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Technology

Hyper Brings An Adless Video Digest To Your Smartphone

Can a clean interface and a human-curated list of content sell mobile users on a daily video digest?

[Photo: courtesy of Hyper]

In today’s war for online content, video is the weapon of choice. The Berlin-based app Hyper launched on iPad last fall to deliver a simple, pure video experience: a curated selection of 12 short videos delivered to users every day. After getting acquired by Mic last month, they’re launching a new, sleeker version for iOS on June 30. The big question is, do mobile users like video enough to let strangers pick their content for them?

To its credit, Hyper's smartphone version is pretty no-fuss: It pares its daily selection down to 10 videos presented in a clean vertical list. Aside from asking users to pick content preference from four categories (tech, global news, pop culture, fun), there's no other customization. As in the older iPad version, the app banks its reputation on the quality and relevance of content it culls from the Internet. Like all apps betting on discovery to delight users, Hyper will live or die based on whether it can satisfy its users' desire for good content they haven't seen elsewhere.

Hyper's other big bet is to make consuming video as seamless as possible, with the audacious aim to eliminate both buffering and ads. With those out of the way, Hyper’s video experience is noticeably streamlined in comparison to your typical in-browser watching experience. Start, stop, rewind, close one video and open another, all without interruption: Surfing around the prelaunch version of Hyper worked as promised, like shifting between songs on iTunes instead of streaming multimedia from different sources.

"There were three things we wanted to solve: no more searching, no more loading, and for the interaction to work for you right out of the gate," says Hyper CEO and founder Markus Gilles. "Being appreciative of the aesthetics with filmmaking, we found that everything out there in terms of ads and user interface was pretty clunky. Nothing lived up to the stuff we wanted to showcase."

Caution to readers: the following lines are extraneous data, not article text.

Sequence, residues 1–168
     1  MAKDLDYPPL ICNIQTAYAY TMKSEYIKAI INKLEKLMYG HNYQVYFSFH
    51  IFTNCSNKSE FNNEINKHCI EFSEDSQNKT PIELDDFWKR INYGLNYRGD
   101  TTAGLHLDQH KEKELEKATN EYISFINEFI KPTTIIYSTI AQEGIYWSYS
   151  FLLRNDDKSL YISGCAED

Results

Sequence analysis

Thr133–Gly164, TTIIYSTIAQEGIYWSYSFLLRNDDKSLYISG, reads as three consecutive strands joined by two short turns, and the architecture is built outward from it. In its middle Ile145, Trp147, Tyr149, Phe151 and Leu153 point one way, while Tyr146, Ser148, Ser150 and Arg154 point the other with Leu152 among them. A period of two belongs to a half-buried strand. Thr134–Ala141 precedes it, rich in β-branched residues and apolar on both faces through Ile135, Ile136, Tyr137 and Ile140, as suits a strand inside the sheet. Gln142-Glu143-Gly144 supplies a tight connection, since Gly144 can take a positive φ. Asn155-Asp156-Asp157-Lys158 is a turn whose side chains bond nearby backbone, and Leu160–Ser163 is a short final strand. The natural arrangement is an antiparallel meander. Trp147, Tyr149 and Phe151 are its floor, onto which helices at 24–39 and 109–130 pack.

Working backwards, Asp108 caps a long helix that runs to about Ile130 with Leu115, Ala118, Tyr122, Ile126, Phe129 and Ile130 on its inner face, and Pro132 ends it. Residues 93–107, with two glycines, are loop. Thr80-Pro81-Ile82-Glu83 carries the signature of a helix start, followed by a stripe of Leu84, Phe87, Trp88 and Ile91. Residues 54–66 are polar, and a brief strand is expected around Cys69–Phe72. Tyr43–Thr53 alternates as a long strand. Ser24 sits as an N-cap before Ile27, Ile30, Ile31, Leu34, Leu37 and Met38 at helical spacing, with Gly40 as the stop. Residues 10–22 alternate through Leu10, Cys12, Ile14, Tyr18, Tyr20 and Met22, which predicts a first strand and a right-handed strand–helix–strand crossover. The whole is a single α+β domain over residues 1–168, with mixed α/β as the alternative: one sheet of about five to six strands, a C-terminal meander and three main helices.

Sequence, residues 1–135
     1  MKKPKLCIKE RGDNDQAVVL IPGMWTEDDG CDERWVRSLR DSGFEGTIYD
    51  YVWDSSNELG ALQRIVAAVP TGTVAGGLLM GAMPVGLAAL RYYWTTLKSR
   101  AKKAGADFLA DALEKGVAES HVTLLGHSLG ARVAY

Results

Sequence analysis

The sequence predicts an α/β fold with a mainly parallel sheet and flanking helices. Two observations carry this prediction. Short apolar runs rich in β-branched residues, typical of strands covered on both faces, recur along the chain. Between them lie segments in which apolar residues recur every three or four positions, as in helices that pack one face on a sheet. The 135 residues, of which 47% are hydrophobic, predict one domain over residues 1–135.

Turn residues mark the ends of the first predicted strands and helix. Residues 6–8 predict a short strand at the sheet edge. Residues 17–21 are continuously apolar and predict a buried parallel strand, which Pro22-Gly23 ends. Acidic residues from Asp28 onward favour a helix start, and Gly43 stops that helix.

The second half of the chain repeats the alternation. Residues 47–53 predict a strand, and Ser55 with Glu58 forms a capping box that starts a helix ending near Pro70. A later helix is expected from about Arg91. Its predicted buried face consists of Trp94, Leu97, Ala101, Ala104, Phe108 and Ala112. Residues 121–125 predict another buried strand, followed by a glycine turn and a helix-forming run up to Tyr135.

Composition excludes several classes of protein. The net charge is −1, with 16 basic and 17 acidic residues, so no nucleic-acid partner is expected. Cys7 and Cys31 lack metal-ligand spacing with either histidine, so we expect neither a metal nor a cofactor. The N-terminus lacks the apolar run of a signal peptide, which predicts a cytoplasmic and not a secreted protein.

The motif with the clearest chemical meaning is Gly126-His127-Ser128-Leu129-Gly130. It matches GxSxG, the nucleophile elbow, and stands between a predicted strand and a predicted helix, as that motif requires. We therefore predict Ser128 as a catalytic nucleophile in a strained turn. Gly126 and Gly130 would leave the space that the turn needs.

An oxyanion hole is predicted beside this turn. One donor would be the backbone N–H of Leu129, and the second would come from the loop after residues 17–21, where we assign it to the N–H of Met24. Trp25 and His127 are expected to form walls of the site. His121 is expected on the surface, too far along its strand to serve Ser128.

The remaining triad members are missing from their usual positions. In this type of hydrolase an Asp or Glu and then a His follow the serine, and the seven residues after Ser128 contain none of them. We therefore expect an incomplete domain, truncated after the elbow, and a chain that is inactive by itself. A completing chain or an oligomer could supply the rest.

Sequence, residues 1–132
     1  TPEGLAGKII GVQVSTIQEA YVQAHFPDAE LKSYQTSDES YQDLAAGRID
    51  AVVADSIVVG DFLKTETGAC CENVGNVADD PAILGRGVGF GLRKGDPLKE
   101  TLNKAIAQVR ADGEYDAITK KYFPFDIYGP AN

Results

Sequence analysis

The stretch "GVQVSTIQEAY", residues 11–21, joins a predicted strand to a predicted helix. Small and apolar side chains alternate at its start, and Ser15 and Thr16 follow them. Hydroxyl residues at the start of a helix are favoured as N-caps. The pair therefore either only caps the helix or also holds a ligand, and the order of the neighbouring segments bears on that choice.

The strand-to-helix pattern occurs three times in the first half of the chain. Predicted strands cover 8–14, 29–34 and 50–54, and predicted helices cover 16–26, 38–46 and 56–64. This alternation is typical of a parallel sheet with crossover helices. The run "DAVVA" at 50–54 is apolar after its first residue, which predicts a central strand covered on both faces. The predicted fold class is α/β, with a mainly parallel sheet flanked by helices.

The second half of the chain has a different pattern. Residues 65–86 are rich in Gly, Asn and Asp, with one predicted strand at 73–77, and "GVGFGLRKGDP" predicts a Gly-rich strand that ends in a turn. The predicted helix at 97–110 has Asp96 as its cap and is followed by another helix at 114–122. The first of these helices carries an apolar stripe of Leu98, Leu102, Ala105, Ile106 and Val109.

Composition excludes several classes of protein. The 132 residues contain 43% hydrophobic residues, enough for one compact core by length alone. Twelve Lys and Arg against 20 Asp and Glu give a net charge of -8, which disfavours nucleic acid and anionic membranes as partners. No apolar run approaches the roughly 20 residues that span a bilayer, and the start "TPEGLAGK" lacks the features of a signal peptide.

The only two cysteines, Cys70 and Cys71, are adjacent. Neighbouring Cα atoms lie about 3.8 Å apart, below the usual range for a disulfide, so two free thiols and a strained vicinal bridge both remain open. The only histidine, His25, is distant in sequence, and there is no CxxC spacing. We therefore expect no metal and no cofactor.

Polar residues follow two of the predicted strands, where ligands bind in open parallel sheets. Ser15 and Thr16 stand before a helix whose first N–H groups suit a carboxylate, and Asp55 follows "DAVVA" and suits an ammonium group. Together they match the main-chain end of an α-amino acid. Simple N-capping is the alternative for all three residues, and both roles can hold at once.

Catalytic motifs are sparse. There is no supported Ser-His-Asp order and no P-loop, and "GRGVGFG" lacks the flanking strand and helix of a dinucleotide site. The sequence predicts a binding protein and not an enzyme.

To keep it flowing past launch, Hyper is partnering with video providers, an arrangement that will keep videos ad free, at least for now. The partners they've officially announced include Condé Nast Entertainment, Vogue, GQ, The New Yorker, and Wired. Most videos sit within a three- to six-minute sweet spot, says Gilles, though they make exceptions.

Note that actual people are making those exceptions, as Hyper’s videos are handpicked by employees. It’s a gamble to rely on a workforce of journalists and filmmakers who are "paid to binge-watch short-form content all day," as Gilles puts it, but that allows a unified aesthetic tone that algorithms can’t yet imitate. Plus, it allows the team to pluck obscure videos from the corners of the Internet and spotlight unknown creators. This is part of Hyper’s plan to diversify its content and shift its dependence away from big-house media providers (even parent company Mic will only contribute a few videos per week). By year’s end, they want 50% of their videos to come from independent filmmakers from all over the globe.

Like podcast apps, users can set Hyper to download videos via Wi-Fi automatically the night before. While that locks up almost 500MB of storage space, it avoids data drain of streaming on the go and lets you watch in areas without a strong signal. Unfortunately, Android users will likely have to wait until the first quarter of 2017 to try it out, says Gilles. Starting on iOS let the Hyper team refine the video-watching experience in a more controlled device environment.

In the future, Hyper will find more innovative monetization options than pre-roll ads, says Gilles: A likely option will be a more robust offline package for a subscription fee of under $5 per month. The rest is up for debate as they negotiate with potential content partners, but one thing they don’t have to worry about is getting bought, since Mic acquired Hyper in May. The deal gives the millennial publishing site a foothold in video while letting the startup focus on scooping up unique content.

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